We shall likewise abstain, for brevity's sake, from giving a detailed accoun't of those heresies, which, whilst they admitted a plurality of persons in God, seemed at the same time to admit a plurality of Gods, such as that of Apelles, a disciple of Marcion, of Apollinaris, of the Cononites ; hastening, as we do, to give a 'brief list of those sectarians who professed themselves the sworn enemies of the Son of God and of the Holy Ghost, in de nying the divinity of both these persons.



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Cerinthus. LXXXV. This heresiarch taught that Christ our Lord was begotten after the ordinary manner, by Joseph and Mary.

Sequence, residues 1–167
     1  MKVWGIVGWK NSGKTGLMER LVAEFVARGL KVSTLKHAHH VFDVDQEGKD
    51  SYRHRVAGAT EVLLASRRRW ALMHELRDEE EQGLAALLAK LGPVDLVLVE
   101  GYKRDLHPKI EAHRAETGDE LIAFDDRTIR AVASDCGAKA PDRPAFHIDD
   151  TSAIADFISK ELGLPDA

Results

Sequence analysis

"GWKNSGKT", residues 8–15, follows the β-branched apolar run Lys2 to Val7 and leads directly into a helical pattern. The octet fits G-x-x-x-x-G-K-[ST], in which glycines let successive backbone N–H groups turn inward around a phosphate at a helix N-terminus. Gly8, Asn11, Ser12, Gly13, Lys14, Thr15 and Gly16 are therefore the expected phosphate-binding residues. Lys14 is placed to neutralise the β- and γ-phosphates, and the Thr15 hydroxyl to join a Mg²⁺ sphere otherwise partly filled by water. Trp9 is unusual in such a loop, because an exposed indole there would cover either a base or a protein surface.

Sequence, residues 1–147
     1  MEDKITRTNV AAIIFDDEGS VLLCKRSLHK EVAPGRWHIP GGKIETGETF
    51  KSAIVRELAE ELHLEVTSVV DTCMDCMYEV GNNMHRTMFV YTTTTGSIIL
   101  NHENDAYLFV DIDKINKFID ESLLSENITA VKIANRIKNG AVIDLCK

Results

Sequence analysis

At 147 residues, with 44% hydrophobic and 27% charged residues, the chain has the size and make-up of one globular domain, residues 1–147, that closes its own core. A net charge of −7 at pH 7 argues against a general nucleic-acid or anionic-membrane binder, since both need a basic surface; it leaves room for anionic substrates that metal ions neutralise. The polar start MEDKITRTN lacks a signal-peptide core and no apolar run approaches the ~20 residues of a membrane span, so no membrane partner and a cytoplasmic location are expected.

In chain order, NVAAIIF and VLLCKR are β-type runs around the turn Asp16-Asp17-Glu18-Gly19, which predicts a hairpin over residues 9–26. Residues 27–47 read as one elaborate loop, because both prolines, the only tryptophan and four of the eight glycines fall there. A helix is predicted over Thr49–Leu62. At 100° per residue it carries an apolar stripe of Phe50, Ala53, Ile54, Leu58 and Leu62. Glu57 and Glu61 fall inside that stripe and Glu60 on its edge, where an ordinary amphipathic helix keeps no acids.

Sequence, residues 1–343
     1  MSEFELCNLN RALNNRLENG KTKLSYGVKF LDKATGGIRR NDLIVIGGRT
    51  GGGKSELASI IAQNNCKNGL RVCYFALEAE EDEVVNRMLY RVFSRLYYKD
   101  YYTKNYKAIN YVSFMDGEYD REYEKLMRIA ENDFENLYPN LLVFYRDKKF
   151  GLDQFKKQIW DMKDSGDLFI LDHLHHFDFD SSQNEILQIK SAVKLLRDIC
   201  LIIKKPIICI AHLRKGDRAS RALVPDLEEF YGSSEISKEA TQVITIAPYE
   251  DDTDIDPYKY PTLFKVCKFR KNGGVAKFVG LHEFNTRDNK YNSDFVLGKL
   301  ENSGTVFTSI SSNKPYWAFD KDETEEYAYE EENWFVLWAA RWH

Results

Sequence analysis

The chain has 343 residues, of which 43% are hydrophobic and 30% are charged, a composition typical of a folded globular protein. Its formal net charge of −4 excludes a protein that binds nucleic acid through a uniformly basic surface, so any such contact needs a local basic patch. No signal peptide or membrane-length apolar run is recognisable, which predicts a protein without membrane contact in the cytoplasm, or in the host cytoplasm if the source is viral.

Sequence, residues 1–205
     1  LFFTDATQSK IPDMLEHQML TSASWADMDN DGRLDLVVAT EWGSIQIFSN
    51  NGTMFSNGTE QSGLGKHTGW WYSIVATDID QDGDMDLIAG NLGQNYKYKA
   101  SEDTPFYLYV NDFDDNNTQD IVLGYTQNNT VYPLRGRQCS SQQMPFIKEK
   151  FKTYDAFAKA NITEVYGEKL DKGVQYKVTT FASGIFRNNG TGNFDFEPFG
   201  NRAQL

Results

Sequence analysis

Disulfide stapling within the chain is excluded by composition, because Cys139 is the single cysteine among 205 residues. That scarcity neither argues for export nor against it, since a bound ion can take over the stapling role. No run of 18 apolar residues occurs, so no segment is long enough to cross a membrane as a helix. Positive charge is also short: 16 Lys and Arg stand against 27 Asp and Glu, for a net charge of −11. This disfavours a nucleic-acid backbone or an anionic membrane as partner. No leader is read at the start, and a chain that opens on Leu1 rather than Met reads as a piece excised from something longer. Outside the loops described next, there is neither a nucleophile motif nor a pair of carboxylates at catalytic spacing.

Critics are not agreed about the time in which he lived, whether it was in the very age of the Apostles, or only in the second century, in the reign of Adrian, the emperor. St. Irenæus,* and after him, Eusebius,t and Theodoretus,& relate, that some had learnt from St. Polycarp, that St. John, when be pierceived Cerinthus to be in the baths at Ephesus, precipitately left them, saying: “Let us fly, lest the baths, in which Cerinthus, the enemy of truth is, fall upon us." St. Jerom testifies, that the direct and explicit object of St. Jolin, in writing his Gospel, was to refute the impieties of Cerinthus, and especially to establish the divinity of the incarnate word of God, Christ: a manifest sign, that the Gospel of St. John, which at every page presents such clear and irresistible proofs of the divinity of Christ, is to be understood, not as the Unitarians, by manifest distortion, interpret it, but as the whole Christian world has always understood it.